The Baker Family came to Honey Grove about 1858, buying from the Rev. W. A. Provine his residence, which was on the lot now occupied by Sam Dial's residence. The family consisted of the mother, Mrs. Mary Baker, and five children. The eldest son was Daniel. In later years he married a Miss McCleary of Red River county, and went to a farm which the family owned near Rock Point, about three miles south of Honey Grove, where they remained the balance of their lives, rearing a family of five sons and one daughter. The daughter passed away some years ago, as did Robert, the oldest of the sons. Another of the sons lived in Hopkins county, and all of them are upstanding good citizens.

The second of Aunt Mary Baker's children was a daughter, Lucy, who was married to John W. Lane on May 25, 1856, and lived until August 21, 1888. Mr. Lane died August 18, 1915. He had three brothers and two sisters, Winnie, Kate, James Robert and [part of text missing].

David Lane, father of the above mentioned children, was a pioneer citizen and gave the land on which the old Lane's Academy was built.

Mr. and Mrs. John Lane reared a large family. The James Lane mentioned above married Miss Mary Smith and became the father of our fellow townsman, Will Lane.

The third one of Aunt Mary Baker's children was Billie, and he grew to manhood here at Honey Grove. When the Civil War came on he volunteered his services and went in Company F 11th Texas Cavalry, and served valiantly until in battle a cannon shot cut off his right leg. A true friend (James Witcher) got permission to nurse him and as there was only a tent for a hospital, Mr. Witcher went to headquarters and secured permission to take him just over the state line into Virginia, where there was a good building for a hospital and better facilities for caring for wounded men. He stayed as long with his friend as his permit allowed and left him doing well, but pneumonia set up and took him off.

The next of the Baker children was Tom who attended the public schools in Honey Grove and spent some years here. Married Miss Mattie Dial, and later was elected tax assessor two terms. He became the father of Jim Baker, who was the popular sheriff of Bowie county and served three terms.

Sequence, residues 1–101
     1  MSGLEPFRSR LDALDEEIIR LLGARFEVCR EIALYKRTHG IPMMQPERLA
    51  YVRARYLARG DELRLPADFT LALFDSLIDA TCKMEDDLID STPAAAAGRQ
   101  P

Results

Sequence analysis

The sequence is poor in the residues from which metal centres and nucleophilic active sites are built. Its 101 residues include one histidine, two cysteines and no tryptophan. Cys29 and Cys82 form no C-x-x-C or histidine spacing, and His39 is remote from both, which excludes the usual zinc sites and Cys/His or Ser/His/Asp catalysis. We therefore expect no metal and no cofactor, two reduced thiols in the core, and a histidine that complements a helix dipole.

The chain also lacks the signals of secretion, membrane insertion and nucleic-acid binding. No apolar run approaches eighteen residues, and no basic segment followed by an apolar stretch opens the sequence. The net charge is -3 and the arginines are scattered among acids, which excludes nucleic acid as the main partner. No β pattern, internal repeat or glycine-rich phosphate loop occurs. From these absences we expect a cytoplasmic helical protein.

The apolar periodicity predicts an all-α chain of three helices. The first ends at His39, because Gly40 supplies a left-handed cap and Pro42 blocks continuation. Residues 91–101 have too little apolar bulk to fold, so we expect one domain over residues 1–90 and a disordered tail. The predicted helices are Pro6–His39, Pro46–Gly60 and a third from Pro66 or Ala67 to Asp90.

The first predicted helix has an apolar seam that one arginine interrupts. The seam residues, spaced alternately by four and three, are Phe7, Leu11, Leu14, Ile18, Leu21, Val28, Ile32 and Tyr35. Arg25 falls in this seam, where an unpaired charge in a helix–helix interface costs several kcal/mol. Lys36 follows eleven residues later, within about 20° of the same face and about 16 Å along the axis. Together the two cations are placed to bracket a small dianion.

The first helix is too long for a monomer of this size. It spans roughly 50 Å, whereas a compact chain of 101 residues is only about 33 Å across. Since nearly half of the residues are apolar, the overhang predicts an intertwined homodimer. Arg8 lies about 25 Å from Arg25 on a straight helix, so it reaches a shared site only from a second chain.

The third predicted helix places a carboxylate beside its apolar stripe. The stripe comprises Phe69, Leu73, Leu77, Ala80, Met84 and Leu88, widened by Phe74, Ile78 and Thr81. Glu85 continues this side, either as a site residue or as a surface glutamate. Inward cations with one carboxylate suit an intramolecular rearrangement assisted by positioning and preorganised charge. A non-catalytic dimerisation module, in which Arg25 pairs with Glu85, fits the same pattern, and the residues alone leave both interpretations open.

The next of Aunt Mary's children was Hattie, the youngest daughter. She became the wife of James Larrison. Of this marriage three children were born - two boys who lived to be grown and married, and a daughter, Mary, who died at about 13 years of age.

The writer regrets that he is unable to give a more extended account of these two families, for there were none better in the land. Both families came from Tennessee to Texas. However, we find in Biographical sketches of prominent people in Texas that David Lane, father of John W. Lane and grandfather of the Lane families in and around Honey Grove, was born in North Carolina and reared in Tennessee whither his parents moved in an early day. He came to Texas in 1836 and lived in Bowie county seven years, moving thence to Fannin county, where he lived 20 years, then moved to Hunt county, settling on the Collin county line, and died there in 1863 in the 66th year of his life. He was one of the well known characters in North Texas in an early day. He had served in the War of 1812, was in the battle of New Orleans, and had done considerable scouting in Texas in the 30's and 40's. He was a surveyor and ran out many of the land grants for settlers in North Texas.

Mrs. Martha Lane's family was originally from South Carolina, but she was born in Middle Tennessee and died in Hunt County, Texas in 1863 in her 64th year. Both she and her husband were members of the Methodist Church.